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Tony Davies Columns

A.M.C. Daviesa and Tom Fearnb

aNorwich Near Infrared Consultancy, 75 Intwood Road, Cringleford, Norwich NR4 6AA, UK. E-mail: [email protected]
bDepartment of Statistical Science, University College London, Gower Street, London WC1E 6BT, UK. E-mail: [email protected]

Issue 20/4 (2008)

An Interview with Martin Gerlach discussing the Bayer Technology Services (BTS) Process Analysis approach.

Issue 20/3 (2008)

A.M.C. Davies and Tom Fearn

Norwich Near Infrared Consultancy, 75 Intwood Road, Cringleford, Norwich NR4 6AA, UK. E-mail: [email protected]
Department of Statistical Science, University College London, Gower Street, London WC1E 6BT, UK. E-mail: [email protected]

Issue 20/2 (2008)

A.N. Davies

External Professor, University of Glamorgan, UK, Director, ALIS Ltd, and ALIS GmbH – Analytical Laboratory Informatics Solutions

“The man who gets the most satisfactory results is not always the man with the most brilliant single mind, but rather the man who can best coordinate the brains and talents of his associates.”—W. Alton Jones

Issue 20/1 (2008)

The starting point for this column is the last one from last year! In that column TD began what was intended to be a two-part story but has, with this column, become a story in four parts. There were required topics we had not covered and we need to begin this column by completing the discussion of removing multiplicative effects by describing what the two most popular methods do to NIR spectra.

Issue 19/6 (2007)

When we set up ALIS GmbH one of the first major “discoveries” was probably the most embarrassing for me. Having worked on analytical data standards for so long, I seem to have successfully generated a blind spot for the developments which have taken place in the structure, standardisation and functionality of the Portable Document Format (PDF).2 Maybe it’s due to a subconscious aversion to what I had for a long time seen as a simplistic “get out” solution for those too lazy to convert data into a long-term, stable, vendor-neutral format. How often…

Issue 19/5 (2007)

The last TD column showed the effect of calculating second derivatives on a set of 100 spectra, which will be the starting point for this column.

Issue 19/4 (2007)

This column is about the most basic of pre-treatments, which has been used in spectroscopy well before the word "Chemometrics" was invented.

Issue 19/2 (2007)

A.N. Davies

External Professor, University of Glamorgan, UK, Director, ALIS Ltd., Analytical Laboratory Informatics Solutions

Issue 19/1 (2007)

A.M.C. Davies

Norwich Near Infrared Consultancy, 75 Intwood Road, Cringleford, Norwich NR4 6AA, UK. [email protected]

Issue 18/6 (2006)

N.M. Faber,a,* and R. Rajkób

aChemometric Consultant, Rubensstraat 7, 6717 VD Ede, The Netherlands. [email protected]
bDepartment of Unit Operations and Food Engineering, Szeged College of Food Engineering, University of Szeged, H-6701 Szeged, POB 433, Hungary

Issue 18/5 (2006)

A.M.C. Davies

Norwich Near Infrared Consultancy, 75 Intwood Road, Cringleford, Norwich NR4 6AA, UK

Issue 18/4 (2006)

Tony Davies,a John Trygg,b Pavel Matĕjkac and Karol Volka

aExternal Professor, University of Glamorgan, UK, Director, ALIS Ltd, Analytical Laboratory Informatics Solutions
bPhaseFour Informatics Limited, [email protected]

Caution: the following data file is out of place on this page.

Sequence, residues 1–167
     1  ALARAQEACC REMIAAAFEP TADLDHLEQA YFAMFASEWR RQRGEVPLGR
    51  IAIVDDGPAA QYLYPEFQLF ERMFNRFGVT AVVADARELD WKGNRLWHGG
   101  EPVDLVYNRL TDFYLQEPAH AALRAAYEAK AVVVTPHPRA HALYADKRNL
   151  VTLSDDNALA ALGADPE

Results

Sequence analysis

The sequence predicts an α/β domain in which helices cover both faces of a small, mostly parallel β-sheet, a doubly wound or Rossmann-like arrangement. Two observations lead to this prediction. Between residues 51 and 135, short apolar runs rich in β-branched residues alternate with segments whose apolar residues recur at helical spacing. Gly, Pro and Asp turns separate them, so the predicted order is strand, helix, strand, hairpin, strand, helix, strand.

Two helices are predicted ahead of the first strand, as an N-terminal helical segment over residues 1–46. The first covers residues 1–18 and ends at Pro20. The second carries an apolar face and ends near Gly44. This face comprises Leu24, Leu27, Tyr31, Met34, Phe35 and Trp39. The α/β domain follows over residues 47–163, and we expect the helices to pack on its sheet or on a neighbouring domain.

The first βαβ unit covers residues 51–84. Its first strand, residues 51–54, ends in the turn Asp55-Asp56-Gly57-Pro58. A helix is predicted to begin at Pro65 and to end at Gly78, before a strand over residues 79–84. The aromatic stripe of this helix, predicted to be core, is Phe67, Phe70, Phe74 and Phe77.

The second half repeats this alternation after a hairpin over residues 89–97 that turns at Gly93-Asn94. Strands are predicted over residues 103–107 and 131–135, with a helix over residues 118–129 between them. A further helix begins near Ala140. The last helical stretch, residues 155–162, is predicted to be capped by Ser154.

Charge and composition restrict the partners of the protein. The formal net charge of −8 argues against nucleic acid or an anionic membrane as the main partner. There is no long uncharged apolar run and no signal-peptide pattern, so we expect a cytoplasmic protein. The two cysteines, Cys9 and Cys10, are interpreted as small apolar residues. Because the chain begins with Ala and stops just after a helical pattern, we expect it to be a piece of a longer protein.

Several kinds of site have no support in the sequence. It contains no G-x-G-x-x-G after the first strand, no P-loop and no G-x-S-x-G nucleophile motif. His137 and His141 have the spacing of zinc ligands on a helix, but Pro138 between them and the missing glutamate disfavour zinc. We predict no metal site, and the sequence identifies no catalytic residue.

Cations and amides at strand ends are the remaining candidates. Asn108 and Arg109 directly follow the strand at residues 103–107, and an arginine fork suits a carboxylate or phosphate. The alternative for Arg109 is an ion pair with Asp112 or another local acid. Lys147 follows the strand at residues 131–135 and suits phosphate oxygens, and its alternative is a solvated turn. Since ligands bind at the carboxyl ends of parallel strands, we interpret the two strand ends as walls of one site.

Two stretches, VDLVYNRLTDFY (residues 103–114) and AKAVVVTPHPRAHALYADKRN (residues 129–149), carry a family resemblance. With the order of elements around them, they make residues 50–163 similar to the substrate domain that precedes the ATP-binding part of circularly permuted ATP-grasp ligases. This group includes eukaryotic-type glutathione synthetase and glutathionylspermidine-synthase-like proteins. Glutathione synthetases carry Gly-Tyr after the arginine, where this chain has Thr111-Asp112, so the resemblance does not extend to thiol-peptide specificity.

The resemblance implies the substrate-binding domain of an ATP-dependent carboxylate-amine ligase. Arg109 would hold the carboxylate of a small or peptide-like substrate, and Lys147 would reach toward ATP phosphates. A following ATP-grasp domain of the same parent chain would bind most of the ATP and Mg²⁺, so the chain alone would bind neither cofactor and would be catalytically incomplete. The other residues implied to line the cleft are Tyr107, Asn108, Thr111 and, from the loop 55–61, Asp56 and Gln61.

cDepartment of Analytical Chemistry, Institute of Chemical Technology, Technika 5, 166 28 Prague 6–Dejvice, The Czech Republic

Issue 18/3 (2006)

A.M.C. Daviesa and Tom Fearnb

aNorwich Near Infrared Consultancy, 75 Intwood Road, Cringleford, Norwich NR4 6AA, UK
bDepartment of Statistical Science, University College London, Gower Street, London, UK

Issue 18/2 (2006)

Tony Davies,a Wolfgang Robienb and Jeff Seymourc

aExternal Professor, University of Glamorgan, UK, Director, ALIS Ltd, Analytical Laboratory Informatics Solutions
bInstitute for Organic Chemistry, University of Vienna, Austria
cModgraph Consultants, 1 Oakland View, Welwyn AL6 0RJ, UK

Issue 18/1 (2006)

A.M.C. Daviesa and Tom Fearnb

aNorwich Near Infrared Consultancy, 75 Intwood Road, Cringleford, Norwich NR4 6AA, UK
bDepartment of Statistical Science, University College London, Gower Street, London, UK

Issue 17/6 (2005)

Tony N. Davies,a Robert J. Lancasterb and Peter Lampenc

aExternal Professor, University of Glamorgan, UK
c/o Waters Informatics, Europaallee 27–29, 50226 Frechen, Germany
bUniversity of West Indies, Mona Campus, Jamaica
cISAS, Institute for Analytical Science, Bunsen-Kirchoff-Strasse 11, 44139 Dortmund, Germany

Issue 17/5 (2005)

A.M.C. Daviesa and Tom Fearnb

aNorwich Near Infrared Consultancy, 75 Intwood Road, Cringleford, Norwich NR4 6AA, UK
bDepartment of Statistical Science, University College London, Gower Street, London, UK

Issue 17/4 (2005)

Tony Davies

External Professor, University of Glamorgan, UK
c/o Waters Informatics, Europaallee 27–29, 50226 Frechen, Germany

Issue 17/3 (2005)

A.M.C. Davies

Norwich Near Infrared Consultancy, 75 Intwood Road, Cringleford, Norwich NR4 6AA, UK

Introduction

In my last column I began a revision of basic chemometrics.1 In this column I will discuss some interpretation of the results produced by principal component analysis (PCA) as part two of this revision programme.

Issue 17/2 (2005)

Editor: Antony N. Davies

Photo of Tony daviesThe Tony Davies Column covers a wide range of topics of interest to spectroscopists in both industry and academe, with an emphasis on data handling and processing. Read more about the Column Editor.

Back to Basics: An Introduction to Chemometrics